It came as a bit of a shock to Lisa Willats when, two weeks after she started her PhD, the men who pioneered her area of research, magnetic-resonance imaging, were awarded a Nobel prize. "It put a spring in people's step," she says.
Twenty-two-year-old Willats, who has a first in natural sciences from Girton College, Cambridge, has just been recruited to a research group at the Institute of Child Health at Great Ormond Street Children's Hospital, where she will be using MR... to look at the brains of children being treated for strokes.
Having specialised in physics at Cambridge, where she did a research project in MRI, she admits that her new environment is a bit daunting. "I am not a medic -what I know about the medical aspect of things I have picked up in the few days I have been here. There is a pile of reading ahead."
Her research will involve observing and modelling blood flow in the brain and will have to overcome the fact that current MR... methods cannot quantify blood flow accurately. To assess stroke victims effectively, Willats must quantify blood flow at the much more detailed level of the capillary blood vessels.
She will work in a team of eight under Fernando Calamante. She says she has been reassured by the friendliness and professionalism of her new environment.
"I've heard horror stories about PhDs being left alone for years, but my supervisor is working in the same office. What I am doing is one of his main areas of research, and I will see him every day. It is a big plus.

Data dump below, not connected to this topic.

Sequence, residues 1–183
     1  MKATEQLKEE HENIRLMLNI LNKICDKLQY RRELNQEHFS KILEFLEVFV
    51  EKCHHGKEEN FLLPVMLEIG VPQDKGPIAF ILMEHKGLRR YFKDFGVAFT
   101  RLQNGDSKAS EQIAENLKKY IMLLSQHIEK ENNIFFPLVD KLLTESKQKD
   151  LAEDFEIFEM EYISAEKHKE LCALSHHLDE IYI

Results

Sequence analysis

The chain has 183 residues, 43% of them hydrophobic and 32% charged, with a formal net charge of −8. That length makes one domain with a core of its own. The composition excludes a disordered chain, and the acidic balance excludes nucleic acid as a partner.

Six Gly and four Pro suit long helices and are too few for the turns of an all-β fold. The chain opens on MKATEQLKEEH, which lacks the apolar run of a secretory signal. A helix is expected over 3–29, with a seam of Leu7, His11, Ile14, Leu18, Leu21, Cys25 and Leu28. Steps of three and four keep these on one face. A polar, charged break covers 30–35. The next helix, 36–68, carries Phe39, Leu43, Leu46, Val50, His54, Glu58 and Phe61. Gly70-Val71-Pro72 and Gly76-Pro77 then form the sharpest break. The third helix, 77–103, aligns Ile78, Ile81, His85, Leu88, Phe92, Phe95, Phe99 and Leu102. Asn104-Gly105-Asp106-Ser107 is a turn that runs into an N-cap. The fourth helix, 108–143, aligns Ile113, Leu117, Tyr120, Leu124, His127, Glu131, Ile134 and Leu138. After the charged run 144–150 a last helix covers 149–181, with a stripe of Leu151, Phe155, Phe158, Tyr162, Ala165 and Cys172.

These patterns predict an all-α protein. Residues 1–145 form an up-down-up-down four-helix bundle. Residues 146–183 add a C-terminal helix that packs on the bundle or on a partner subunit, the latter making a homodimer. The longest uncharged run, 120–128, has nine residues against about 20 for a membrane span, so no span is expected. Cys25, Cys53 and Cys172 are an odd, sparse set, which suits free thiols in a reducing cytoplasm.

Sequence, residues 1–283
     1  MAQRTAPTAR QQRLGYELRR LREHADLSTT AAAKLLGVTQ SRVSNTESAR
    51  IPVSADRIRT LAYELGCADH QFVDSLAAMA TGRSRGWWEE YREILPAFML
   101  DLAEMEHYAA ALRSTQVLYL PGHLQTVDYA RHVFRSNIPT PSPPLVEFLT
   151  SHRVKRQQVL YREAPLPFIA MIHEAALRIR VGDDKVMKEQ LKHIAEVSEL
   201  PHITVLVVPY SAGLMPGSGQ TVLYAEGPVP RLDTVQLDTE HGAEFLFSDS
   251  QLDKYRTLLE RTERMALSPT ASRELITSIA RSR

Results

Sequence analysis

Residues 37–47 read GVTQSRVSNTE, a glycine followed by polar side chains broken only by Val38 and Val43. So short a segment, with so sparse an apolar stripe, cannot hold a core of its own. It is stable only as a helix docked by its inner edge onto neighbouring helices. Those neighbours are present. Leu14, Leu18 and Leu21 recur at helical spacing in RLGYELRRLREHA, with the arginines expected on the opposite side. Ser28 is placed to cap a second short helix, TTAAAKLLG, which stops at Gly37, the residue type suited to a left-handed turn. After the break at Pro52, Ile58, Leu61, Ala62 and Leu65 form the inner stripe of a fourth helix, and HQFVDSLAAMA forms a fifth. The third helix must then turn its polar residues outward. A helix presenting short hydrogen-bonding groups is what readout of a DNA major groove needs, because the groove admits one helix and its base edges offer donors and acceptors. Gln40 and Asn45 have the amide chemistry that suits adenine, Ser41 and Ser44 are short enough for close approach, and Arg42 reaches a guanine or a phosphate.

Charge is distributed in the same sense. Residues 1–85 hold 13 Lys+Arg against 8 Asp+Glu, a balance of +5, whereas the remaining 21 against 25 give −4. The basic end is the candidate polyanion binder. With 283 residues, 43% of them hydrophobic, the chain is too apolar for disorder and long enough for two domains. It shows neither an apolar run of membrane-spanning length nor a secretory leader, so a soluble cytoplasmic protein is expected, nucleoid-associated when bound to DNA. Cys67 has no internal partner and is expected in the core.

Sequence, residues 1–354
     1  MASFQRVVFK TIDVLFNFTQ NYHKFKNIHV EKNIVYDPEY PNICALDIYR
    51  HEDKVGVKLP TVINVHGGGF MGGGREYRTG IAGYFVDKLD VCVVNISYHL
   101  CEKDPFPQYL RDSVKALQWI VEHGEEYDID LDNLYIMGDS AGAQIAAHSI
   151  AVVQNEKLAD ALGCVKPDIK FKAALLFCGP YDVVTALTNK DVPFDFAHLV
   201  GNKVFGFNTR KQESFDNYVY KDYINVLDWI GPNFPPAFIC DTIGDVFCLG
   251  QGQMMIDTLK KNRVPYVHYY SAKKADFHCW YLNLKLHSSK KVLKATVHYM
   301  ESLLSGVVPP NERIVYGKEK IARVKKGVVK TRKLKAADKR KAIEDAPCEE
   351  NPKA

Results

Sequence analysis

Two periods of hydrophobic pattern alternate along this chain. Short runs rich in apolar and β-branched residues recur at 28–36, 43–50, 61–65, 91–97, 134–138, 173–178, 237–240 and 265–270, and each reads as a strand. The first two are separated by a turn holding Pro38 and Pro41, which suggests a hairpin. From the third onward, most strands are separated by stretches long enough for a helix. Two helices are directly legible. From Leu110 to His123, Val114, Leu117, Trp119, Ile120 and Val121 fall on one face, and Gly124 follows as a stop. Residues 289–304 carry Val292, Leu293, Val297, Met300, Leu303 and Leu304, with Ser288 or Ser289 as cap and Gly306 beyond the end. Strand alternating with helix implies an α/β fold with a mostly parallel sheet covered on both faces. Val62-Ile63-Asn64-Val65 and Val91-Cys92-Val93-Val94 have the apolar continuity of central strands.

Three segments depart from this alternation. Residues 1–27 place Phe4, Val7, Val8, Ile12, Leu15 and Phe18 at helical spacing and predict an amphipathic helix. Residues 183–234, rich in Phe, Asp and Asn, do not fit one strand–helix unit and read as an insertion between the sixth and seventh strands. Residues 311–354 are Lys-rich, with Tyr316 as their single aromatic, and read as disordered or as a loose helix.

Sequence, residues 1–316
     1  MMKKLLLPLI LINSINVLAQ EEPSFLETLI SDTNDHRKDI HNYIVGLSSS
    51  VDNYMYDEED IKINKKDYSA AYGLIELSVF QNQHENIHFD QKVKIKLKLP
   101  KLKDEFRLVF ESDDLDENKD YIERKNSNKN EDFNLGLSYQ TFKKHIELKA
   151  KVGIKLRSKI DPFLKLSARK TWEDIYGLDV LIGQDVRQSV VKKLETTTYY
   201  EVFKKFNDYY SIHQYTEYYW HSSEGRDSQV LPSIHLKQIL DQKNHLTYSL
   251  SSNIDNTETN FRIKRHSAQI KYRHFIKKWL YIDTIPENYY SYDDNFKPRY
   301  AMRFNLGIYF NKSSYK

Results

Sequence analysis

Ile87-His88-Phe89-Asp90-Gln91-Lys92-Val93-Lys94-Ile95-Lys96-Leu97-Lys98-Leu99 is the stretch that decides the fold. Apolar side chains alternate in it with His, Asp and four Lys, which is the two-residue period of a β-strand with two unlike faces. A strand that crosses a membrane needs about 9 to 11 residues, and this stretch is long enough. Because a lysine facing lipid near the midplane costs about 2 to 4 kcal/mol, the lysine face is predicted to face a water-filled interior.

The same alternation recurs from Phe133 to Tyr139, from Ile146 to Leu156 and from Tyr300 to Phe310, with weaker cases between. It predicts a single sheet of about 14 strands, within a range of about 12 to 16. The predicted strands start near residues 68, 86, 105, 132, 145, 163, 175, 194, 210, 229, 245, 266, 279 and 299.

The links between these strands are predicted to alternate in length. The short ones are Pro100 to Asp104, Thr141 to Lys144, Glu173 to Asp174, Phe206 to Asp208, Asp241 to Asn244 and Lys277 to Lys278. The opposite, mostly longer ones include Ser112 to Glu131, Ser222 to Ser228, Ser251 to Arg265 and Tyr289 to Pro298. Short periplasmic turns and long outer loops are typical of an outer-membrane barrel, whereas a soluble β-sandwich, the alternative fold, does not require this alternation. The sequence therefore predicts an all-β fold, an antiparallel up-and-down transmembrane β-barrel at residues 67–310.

Every week, the other PhD students and I will be given tuition on general MR... stuff so that we have a good background in what we are doing.
"One of the things that has really given me more confidence is talking to the third-year students. They are finishing their PhDs on time, and many of them are looking to stay on for postdocs."
Willats is confident that her funding of £12,500 a year will be enough to see her through her life in her shared flat in North London.
"Some of my friends are going into really high-paying jobs, and I suppose it is tempting. Money is not a big issue, though."
She hopes that her PhD will be a prelude to a career in research. "I got into this after doing summer research placements, and I really enjoy the work. I want to do research that is going to be of some good to somebody."